A Non-Whitewashed History of the 19th Amendment and Women’s Right to Vote

On the 100th anniversary of the 19th Amendment, we celebrate the women of color who history forgot

Iris Kim
Published in
5 min readAug 18, 2020


Photo illustration of a portrait of Ida B. Wells against a background image of women voters.
Photo illustration; Image sources via Getty: Photo: Fotosearch/Stock Montage

On August 18, 1920, Tennessee ratified the 19th Amendment — granting women the right to vote under federal law. The year 2020 marks 100 years since this milestone in feminist history.

We most often glorify key suffragist figures and events that supposedly ushered in a new era of women’s rights to the United States: Elizabeth Cady Stanton, Susan B. Anthony, and the Seneca Falls Convention. We laud these women for giving all women a voice in their government and taking an important first step in the fight for women’s rights.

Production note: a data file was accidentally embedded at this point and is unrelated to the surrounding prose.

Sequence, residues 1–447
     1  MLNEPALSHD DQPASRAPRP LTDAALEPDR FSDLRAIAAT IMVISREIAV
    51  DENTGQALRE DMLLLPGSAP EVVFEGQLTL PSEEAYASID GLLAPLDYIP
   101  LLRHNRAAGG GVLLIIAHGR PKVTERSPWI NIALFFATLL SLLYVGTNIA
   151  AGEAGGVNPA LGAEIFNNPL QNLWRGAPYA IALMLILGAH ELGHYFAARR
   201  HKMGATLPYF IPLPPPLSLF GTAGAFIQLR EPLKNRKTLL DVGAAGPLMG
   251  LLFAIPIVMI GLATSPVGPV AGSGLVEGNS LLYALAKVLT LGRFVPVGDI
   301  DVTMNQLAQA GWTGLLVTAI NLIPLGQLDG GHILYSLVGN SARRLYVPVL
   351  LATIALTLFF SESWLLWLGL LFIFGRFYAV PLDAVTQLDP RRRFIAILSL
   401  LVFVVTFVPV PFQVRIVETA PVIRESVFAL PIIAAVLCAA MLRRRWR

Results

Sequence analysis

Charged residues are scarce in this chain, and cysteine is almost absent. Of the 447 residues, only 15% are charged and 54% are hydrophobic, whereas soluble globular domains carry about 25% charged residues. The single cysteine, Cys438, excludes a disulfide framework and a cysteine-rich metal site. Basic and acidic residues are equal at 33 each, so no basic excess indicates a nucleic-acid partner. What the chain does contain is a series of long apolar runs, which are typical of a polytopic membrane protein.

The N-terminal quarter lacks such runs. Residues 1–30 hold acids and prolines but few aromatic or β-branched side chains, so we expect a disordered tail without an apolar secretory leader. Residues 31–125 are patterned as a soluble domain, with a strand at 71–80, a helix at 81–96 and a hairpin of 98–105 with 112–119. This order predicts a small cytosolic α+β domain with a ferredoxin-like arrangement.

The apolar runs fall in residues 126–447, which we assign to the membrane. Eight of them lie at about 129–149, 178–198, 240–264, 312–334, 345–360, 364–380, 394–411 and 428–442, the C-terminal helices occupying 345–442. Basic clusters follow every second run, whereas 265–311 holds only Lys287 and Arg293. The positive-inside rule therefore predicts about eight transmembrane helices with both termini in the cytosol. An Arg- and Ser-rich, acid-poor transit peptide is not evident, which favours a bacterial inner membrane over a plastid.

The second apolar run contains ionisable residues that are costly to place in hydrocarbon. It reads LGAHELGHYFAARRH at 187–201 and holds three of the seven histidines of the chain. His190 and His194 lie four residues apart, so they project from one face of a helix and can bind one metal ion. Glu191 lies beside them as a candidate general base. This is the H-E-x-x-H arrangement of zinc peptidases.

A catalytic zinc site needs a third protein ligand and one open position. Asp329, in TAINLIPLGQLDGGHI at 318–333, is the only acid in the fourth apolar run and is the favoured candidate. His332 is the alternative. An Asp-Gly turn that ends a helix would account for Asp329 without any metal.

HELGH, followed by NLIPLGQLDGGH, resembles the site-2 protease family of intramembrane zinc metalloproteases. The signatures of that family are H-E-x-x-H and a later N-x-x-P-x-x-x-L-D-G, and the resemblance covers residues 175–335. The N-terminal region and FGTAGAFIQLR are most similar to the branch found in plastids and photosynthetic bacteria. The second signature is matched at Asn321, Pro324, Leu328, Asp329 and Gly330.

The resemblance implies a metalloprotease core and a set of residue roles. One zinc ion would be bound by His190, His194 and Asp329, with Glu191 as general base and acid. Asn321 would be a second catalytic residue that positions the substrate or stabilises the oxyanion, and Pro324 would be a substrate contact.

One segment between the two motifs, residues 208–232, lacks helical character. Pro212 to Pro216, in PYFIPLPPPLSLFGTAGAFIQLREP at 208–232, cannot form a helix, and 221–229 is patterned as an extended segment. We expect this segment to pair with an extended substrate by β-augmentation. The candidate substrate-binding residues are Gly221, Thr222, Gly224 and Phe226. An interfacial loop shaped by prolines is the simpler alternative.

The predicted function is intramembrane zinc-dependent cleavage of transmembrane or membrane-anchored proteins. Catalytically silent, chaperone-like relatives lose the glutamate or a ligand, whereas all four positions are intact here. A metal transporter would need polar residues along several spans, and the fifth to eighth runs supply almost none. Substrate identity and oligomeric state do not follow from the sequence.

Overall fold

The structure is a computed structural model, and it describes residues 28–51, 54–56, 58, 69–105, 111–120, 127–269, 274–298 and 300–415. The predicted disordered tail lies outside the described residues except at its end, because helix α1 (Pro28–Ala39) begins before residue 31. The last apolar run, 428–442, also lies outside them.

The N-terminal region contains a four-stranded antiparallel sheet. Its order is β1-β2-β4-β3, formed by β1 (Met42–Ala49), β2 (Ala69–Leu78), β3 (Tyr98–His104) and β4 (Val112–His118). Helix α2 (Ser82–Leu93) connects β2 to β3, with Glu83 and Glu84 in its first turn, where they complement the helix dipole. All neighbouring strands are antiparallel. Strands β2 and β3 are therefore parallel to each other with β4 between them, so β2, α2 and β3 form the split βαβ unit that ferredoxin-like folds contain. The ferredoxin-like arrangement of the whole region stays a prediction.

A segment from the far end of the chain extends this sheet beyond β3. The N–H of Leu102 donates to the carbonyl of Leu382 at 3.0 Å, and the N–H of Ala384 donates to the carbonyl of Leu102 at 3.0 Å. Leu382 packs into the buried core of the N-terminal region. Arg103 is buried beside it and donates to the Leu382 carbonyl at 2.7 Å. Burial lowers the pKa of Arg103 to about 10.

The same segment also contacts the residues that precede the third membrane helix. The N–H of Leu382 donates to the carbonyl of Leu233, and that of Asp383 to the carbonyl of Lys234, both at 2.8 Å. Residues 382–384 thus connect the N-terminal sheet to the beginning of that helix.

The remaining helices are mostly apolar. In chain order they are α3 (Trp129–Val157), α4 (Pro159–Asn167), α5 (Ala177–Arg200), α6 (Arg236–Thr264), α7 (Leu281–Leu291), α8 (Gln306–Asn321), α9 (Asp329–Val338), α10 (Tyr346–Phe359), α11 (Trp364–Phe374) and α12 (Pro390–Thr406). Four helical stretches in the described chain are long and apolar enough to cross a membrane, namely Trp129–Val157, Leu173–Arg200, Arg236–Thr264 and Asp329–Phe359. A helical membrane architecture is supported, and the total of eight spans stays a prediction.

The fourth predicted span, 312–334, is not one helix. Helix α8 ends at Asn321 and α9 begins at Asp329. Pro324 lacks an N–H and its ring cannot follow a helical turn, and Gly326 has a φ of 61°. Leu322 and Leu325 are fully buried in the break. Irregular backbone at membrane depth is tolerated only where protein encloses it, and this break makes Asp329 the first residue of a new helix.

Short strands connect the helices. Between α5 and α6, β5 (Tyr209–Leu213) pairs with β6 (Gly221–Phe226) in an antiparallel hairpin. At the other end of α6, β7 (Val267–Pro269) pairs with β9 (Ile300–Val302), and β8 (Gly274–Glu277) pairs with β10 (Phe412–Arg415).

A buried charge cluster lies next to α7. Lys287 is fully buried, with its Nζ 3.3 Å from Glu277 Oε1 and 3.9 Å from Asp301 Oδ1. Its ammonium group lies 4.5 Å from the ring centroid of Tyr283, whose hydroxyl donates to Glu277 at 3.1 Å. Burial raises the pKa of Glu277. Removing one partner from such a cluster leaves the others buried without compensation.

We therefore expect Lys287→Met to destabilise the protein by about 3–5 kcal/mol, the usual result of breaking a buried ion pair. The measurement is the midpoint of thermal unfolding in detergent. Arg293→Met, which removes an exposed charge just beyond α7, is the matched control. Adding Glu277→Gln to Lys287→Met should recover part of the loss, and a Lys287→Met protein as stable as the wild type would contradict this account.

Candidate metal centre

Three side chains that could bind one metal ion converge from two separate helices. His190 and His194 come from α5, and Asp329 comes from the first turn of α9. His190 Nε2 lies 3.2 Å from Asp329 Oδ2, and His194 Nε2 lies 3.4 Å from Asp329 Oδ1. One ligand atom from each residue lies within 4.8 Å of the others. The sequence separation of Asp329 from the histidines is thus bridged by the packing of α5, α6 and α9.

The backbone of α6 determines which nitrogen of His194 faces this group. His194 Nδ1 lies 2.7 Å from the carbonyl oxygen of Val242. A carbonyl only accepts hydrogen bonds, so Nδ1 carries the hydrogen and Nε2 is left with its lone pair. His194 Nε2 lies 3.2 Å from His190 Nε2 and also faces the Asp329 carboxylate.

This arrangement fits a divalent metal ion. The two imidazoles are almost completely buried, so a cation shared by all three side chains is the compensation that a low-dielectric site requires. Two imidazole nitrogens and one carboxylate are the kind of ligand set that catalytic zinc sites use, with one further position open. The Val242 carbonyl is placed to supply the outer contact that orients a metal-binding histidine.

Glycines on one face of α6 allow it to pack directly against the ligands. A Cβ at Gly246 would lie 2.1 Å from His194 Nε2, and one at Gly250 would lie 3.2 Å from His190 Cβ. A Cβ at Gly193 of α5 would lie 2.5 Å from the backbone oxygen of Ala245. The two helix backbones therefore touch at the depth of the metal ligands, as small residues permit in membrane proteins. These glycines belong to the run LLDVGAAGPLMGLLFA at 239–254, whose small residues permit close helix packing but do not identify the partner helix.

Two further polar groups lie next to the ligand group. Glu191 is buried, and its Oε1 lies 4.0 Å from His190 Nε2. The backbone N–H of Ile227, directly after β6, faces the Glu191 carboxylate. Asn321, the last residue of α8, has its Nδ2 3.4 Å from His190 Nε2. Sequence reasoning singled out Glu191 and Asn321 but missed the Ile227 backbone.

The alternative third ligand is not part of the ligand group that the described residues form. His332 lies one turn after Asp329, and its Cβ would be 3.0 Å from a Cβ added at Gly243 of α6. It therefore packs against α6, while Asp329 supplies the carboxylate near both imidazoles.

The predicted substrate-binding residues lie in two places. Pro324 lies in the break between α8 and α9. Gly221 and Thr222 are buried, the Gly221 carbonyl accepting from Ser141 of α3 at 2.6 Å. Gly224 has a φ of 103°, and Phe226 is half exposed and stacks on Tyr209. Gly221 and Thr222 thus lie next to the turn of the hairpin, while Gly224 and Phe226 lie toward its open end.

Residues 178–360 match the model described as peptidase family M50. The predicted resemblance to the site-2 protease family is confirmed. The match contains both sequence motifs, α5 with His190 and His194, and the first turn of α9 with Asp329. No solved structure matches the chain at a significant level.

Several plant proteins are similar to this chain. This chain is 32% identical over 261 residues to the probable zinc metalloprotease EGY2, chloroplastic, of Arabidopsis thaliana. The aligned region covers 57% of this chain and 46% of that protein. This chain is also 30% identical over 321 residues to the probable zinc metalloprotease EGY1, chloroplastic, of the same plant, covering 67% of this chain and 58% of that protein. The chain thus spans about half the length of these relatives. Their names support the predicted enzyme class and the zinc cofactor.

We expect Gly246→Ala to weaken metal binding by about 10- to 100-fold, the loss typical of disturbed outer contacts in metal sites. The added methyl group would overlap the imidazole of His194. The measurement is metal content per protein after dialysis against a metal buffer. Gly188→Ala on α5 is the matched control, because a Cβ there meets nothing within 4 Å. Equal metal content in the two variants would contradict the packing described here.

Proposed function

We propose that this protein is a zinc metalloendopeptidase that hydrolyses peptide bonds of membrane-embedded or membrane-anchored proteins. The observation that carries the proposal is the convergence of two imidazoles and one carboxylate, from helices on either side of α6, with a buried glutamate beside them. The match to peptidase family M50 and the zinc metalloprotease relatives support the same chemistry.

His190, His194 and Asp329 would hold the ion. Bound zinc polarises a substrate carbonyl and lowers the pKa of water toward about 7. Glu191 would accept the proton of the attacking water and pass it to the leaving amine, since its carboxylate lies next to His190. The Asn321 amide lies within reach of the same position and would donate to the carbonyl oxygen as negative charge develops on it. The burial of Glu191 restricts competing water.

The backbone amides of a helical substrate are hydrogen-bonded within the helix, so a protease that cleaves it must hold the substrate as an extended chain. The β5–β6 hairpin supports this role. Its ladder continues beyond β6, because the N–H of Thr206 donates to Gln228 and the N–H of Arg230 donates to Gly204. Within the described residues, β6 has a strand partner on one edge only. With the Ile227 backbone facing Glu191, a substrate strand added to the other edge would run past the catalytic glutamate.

This story, however, presents an incomplete narrative. The 19th Amendment did not grant the right to vote for millions of Black, Native American, and Asian American women.

To celebrate the centennial as a liberation for all women would be a disservice to the women of color who were often shunned and discounted by the leaders of the women’s suffrage movement. The campaign to grant all women voting rights is a much more prolonged and arduous crusade.

The heroism of the Black, Asian American, Latina, and Native American activists must not be buried.

Prior to 1920, White suffragists traditionally excluded women of color from their ranks. Racism and classicism were ingrained in the movement, which viewed American women as solely White and middle-class.

White suffragists won over Southern politicians by employing racist rhetoric, arguing that the only way to counterbalance the influx of the “uneducated” Black man’s vote would be to permit the White woman’s vote. Black women and other women of color were not invited to attend the Seneca Falls Convention in 1848 despite their significant contributions to the abolitionist and women’s rights movements. Stanton and Anthony even overlooked African American suffragists’ involvements when penning the 6,000-page publication entitled History of Woman Suffrage.

Following 1920 and the ratification of the 19th Amendment, the mainstream White…